Herbal therapies are astoundingly popular among the American public. In 2008 statistician Patricia M. Barnes of the National Center for Health Statistics and her colleagues reported that almost 20 percent of children and adults in the U.S. had used an herbal medicine during the past year. In 1998 a team led by physician David M. Eisenberg of Harvard Medical School determined that use of herbs for physical and mental problems had risen 380 percent between 1990 and 1997.

Our enthusiasm for herbal medicine is undoubtedly fueled by the high cost of prescription drugs, the fact that these drugs do not work for everyone, and a burgeoning interest in natural remedies. Moreover, many people erroneously assume that natural substances are inherently safer than synthetic medications.

The use of plants as treatments dates to at least 3000 b.c. Today this practice is part of a broader movement known as complementary and alternative medicine. Many people turn to such treatments—which also include remedies such as acupuncture, aromatherapy and massage—for psychological problems. In a 2001 study sociologist Ronald C. Kessler of Harvard Medical School and his associates found that more than half of people with panic attacks or severe depression used some form of alternative therapy, including herbs, during the previous year, usually without medical supervision.

Nevertheless, most plants have not been studied for their therapeutic value or side effects. Studies of two herbal treatments—kava for anxiety and St. John's wort for depression—indicate that some plant-derived substances might help individuals with psychological problems, but the evidence is so far inconclusive.

Kick Back, Relax

Pacific Islanders have long used an extract of the root of the kava plant (Piper methysticum), which grows on those islands, for social, ceremonial and medicinal purposes, including relaxation and the reduction of anxiety. Introduced in the U.S. in the 1980s, kava extract is most often served as a drink, which Americans can now sample in any of various kava bars. The Purple Lotus Kava Bar in West Palm Beach, Fla., for example, offers “a popular alternative to the same old nightlife, a place to truly kick back and relax.”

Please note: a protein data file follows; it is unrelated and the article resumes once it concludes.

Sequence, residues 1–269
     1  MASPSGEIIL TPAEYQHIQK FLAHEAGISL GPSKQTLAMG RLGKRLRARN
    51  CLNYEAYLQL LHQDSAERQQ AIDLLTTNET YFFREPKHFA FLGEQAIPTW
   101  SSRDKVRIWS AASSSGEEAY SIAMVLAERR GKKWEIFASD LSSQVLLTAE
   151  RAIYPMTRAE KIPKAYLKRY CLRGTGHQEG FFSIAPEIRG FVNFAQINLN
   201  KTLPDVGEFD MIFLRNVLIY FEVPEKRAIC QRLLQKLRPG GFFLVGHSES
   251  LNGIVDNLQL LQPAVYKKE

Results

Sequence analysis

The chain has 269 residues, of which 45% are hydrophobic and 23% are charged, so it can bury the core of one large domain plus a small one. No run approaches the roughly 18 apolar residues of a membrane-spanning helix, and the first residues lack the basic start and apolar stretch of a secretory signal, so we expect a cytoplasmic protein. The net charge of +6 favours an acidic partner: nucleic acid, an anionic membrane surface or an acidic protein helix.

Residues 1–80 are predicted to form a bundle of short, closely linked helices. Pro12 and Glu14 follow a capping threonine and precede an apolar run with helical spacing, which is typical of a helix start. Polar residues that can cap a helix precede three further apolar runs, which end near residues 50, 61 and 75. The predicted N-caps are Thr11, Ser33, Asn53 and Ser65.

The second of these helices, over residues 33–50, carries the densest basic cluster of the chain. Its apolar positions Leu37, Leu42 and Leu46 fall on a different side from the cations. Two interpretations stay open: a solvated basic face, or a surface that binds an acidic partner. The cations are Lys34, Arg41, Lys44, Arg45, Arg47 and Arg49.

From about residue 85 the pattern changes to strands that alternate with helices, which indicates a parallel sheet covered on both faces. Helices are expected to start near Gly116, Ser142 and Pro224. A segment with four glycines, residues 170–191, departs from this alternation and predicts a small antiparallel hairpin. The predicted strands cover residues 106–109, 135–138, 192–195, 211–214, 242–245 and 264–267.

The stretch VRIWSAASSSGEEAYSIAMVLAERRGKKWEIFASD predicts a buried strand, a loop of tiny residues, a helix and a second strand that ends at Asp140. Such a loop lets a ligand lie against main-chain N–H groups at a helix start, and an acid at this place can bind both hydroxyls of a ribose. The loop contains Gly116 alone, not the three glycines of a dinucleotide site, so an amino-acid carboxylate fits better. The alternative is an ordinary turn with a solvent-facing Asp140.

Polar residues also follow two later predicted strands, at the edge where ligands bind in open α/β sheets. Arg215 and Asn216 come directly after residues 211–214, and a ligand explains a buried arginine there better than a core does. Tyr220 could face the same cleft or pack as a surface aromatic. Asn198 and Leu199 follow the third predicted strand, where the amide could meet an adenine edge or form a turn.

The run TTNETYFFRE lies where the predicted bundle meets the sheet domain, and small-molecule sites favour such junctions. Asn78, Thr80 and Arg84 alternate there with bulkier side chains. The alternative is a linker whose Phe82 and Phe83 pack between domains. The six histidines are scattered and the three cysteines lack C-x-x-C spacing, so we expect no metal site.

For the treatment of anxiety, people generally purchase kava in drug and health food stores. Some experimental results suggest the root has antianxiety properties. In a review article published in 2010, physician Max H. Pittler of the German Cochrane Center at the University of Freiburg and physician Edzard Ernst of the Peninsula Medical School in Exeter, England, analyzed 12 well-designed studies comparing kava with a placebo for the treatment of anxiety. They found that kava was more effective than the inert substance for ameliorating general anxiety, but the difference between the two was small. Unfortunately, relatively few studies qualified for inclusion, and the investigations differed in the dosages used, strains of kava, duration of treatment and severity of the patients' anxiety.

In addition, although the herb is relatively safe, it should not be used with abandon. Its side effects may include stomach complaints, restlessness, headache and fatigue. Reports of the root causing liver damage led to a 2002 warning from the Food and Drug Administration, along with bans on kava in several countries. Further research has quieted this concern, and the bans have since been lifted. Even so, we cannot rule out the possibility that kava causes liver damage because alternative explanations for a few cases of liver problems remain unexplained by other factors.